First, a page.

Sophist, or not a Sophist; that is the Question
The book Philosophical Conversations, Socrates argues that he is not a sophist within his society, because he “has nothing to teach” (Melchert, 58), and no knowledge to teach about. His argument begins with the statement that “Sophists set themselves up as teachers… Socrates does not. He cannot do so… because he does not rightly know what it is, and no one can teach what he doesn’t understand.” (58) Additionally he claims that he does not have a school like sophists usually have in order to teach their views and knowledge, because as he claims “he has never taught anyone anything.” (58) He argues also with the fact that unlike sophists “he takes no pay from those who associate themselves with him,” (58) because it is their choice to listen or not. In regards to interests, the Sophists see the arts of communication and argument as a “strategy and tactic in battle” (59) the main point is to “enable their practitioner to win.”(59) For Socrates, he views these interests “not to win a victory over his opponent but to advance toward the truth,” (59) which for the Sophists “no concern for truth underlies the instruction of [them], the aim is victory.” (59) While I do not agree with Socrates view on not having knowledge, I do agree in the sense that he is very unlike the Sophists. For if this was false, he would not annoy his society constantly with questions as to why things happen the way they do from their own personal views. Socrates looks for truth within his conversations with others, whereas the Sophists only give their opinion on the matters. Consider having an older brother who believes he knows everything, and constantly preaches to everyone about it. But, then there is a younger brother whom just asks questions all the time, but claims to know nothing about the questions he asks. This would seem as the older brother would be a sophist and the younger a “Socrates”, because the older brother believes he has...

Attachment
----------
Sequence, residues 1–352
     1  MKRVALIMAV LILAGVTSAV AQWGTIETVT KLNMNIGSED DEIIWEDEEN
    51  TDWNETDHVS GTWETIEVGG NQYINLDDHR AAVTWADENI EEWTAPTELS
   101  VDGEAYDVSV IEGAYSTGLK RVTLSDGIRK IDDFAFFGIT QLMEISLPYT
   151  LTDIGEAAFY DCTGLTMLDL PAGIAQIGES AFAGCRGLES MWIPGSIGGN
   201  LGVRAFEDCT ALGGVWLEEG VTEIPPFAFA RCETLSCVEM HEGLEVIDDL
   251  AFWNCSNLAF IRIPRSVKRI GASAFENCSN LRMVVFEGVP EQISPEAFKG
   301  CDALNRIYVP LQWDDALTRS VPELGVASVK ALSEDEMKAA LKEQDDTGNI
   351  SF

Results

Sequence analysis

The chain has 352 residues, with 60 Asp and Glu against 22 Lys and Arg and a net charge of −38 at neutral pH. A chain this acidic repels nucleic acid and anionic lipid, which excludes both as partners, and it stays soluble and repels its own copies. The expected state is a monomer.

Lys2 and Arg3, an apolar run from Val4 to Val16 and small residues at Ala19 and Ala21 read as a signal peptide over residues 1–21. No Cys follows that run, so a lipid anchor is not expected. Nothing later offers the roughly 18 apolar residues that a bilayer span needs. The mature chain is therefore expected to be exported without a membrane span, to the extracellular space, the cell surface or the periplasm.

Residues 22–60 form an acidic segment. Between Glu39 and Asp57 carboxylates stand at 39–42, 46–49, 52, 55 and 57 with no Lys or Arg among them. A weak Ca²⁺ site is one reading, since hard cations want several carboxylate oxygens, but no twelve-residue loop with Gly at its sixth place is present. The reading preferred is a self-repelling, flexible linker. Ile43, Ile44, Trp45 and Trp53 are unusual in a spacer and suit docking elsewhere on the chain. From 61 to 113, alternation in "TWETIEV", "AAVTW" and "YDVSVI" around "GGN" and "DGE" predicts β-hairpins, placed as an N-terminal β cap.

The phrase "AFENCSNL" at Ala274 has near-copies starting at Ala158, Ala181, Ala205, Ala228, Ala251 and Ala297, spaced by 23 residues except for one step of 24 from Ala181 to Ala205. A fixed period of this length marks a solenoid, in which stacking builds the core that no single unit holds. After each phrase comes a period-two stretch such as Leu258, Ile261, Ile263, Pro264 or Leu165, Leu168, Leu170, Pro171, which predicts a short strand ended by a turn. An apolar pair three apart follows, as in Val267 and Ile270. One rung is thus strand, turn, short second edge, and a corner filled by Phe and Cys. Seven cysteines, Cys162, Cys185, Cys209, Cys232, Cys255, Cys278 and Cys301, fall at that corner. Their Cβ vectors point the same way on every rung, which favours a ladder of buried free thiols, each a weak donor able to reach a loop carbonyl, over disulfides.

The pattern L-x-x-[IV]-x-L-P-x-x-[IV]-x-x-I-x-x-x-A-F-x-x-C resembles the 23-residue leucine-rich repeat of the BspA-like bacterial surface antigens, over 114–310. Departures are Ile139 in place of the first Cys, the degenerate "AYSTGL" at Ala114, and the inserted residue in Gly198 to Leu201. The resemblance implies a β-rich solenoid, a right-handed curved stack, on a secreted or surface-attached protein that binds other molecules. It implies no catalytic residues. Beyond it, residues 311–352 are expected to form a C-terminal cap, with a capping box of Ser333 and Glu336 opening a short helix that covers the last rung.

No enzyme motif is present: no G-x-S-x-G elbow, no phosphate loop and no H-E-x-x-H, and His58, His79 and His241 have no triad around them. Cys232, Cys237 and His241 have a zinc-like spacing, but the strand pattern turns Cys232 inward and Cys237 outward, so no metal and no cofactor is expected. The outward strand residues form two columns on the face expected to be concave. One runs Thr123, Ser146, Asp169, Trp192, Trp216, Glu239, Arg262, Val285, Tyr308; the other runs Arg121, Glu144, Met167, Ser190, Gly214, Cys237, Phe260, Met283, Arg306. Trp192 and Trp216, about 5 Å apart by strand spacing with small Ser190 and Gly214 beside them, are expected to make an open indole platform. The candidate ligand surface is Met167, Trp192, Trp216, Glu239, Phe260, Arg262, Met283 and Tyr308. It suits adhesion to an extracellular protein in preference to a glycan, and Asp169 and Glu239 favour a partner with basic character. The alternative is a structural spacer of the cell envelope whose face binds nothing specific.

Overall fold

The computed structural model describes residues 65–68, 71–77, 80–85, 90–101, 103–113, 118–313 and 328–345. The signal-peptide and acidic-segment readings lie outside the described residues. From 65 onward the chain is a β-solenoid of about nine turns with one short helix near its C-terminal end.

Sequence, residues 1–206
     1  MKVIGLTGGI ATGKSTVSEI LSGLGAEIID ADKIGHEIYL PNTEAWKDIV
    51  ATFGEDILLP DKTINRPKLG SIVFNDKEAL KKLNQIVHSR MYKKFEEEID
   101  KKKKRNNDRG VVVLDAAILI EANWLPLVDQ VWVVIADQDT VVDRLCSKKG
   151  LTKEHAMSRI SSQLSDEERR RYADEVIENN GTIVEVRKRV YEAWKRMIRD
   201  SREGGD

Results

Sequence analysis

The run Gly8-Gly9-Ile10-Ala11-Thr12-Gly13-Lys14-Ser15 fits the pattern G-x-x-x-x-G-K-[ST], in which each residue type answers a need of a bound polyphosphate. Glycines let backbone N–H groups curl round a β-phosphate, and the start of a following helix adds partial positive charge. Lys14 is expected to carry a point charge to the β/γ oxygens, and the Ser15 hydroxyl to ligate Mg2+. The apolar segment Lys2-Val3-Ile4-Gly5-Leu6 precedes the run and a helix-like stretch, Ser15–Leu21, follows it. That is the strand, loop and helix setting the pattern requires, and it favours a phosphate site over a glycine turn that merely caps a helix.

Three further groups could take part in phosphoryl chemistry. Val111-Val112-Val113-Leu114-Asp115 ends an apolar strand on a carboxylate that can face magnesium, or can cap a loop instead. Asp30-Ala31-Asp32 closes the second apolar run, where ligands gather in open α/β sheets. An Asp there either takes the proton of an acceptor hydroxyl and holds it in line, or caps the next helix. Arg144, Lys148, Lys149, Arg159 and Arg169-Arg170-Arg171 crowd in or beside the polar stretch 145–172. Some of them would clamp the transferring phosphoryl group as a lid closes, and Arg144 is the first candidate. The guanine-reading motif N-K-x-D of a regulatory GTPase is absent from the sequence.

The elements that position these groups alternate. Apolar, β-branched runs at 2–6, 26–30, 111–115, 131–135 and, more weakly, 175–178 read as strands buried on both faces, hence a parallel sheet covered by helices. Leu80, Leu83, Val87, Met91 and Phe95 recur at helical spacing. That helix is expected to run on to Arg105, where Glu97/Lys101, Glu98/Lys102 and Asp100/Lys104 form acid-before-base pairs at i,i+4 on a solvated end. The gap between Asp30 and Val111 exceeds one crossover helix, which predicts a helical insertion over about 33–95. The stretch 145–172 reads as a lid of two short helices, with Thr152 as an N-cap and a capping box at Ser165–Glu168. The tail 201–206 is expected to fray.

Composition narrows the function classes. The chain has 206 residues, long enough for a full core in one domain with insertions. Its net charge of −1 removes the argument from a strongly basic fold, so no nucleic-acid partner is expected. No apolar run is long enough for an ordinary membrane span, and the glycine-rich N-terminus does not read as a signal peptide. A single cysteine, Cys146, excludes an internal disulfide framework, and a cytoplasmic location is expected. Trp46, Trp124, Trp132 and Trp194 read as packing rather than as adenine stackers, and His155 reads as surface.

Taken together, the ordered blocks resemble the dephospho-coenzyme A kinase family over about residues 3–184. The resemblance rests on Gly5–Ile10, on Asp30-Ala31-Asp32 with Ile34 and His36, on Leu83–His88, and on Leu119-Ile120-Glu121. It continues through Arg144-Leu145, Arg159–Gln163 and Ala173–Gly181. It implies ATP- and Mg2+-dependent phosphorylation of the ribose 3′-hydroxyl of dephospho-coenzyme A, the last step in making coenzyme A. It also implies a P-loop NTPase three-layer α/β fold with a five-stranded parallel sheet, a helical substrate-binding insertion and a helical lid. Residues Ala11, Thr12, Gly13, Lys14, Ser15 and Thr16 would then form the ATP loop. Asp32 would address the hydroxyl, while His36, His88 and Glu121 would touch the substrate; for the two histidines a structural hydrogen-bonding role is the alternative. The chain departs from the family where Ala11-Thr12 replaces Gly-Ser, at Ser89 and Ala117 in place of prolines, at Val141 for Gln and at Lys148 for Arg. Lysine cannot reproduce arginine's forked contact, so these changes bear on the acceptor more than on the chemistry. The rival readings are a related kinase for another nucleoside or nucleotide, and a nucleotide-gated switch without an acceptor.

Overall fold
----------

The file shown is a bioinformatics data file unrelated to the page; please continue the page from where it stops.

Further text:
Cited: Melchert, Norman. Philosophical Conversations. New York City: Oxford University Press, 2009. 58-59. Print.
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